FBS. The rush defense has been an issue though and it could be helped by
the 6-8, 360-pound McCullers, a mountain of a run-stopper. He would
also severely limit anyone from double-teaming end Vic Beasley and as an
added bonus, McCullers already used to wearing mass amounts of orange.




From a
pure statistical standpoint, the Red Raiders are already among the most
lethal passing attacks, sitting second (416.4). The reality is that
freshman QB Baker Mayfield has missed two games with a knee injury and
coach Kliff Kingsbury turned to another freshman in Davis Webb. Mannion,
a junior who leads all passers with 2,992 yards and 29 TDs, would bring
a prolific and veteran hand that has thrown for at least 367 yards in
every game this season.  



One picked up the
pieces from his predecessor, a power never missing a beat; another has
made his mark with his easy swagger, good looks and the Air Raid, and
the third is a read-option mastermind with a national title
pedigree.

There's no denying the results for a trio
of first-year coaches as Mark Helfrich and No. 2 Oregon are rolling
along, Kingsbury has Texas Tech up to No. 10 in the latest AP poll and
Gus Malzahn has guided Auburn to 11th.

Frankly, the
success of Helfrich, Chip Kelly's offensive coordinator, was expected;
there was just too much talent on the Ducks roster to think it would be
anything other than business as usual at Nike
U.

While Kingsbury's quick turnaround was unexpected,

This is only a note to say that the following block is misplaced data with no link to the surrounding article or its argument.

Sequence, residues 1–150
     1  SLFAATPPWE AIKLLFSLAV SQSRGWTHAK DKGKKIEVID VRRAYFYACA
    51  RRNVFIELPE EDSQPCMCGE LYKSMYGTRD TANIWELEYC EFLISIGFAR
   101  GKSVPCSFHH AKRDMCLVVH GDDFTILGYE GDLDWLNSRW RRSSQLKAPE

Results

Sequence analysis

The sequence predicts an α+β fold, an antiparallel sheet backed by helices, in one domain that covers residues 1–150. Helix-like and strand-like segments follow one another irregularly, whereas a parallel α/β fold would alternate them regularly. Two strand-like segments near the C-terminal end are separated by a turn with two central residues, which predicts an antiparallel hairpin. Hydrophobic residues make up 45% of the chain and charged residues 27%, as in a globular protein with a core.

it wasn't entirely out of the realm of reason. The Red Raiders did go
8-5 the previous season, beat No. 5 West Virginia and No. 23 TCU and
returned 13 starters.

The favorite son's return to
Lubbock has been a great story, but it's not the best yarn being spun by
a new coach in 2013. That would appear to be what Malzahn is doing in
The Loveliest Village On The Plains.



Taking over a
program that went 3-9 and 0-8 in its last season under Gene Chizik,
Malzahn seemed to have his work cut out for him. Wins in his first three
games over also-rans Washington State, Arkansas State and Mississippi
State were nice, but not a sign of an immediate turnaround. Even if
anyone was buying it, a 35-21 loss to No. 6 LSU on Sept. 21 cast those
notions aside.

Now, they've rattled off wins over
No. 24 Ole Miss and, most recently, a stunning turnaround-validating
45-41 victory over No. 7 Texas A&M. With a winnable slate of
Florida Atlantic, Arkansas, Tennessee and banged-up and now unranked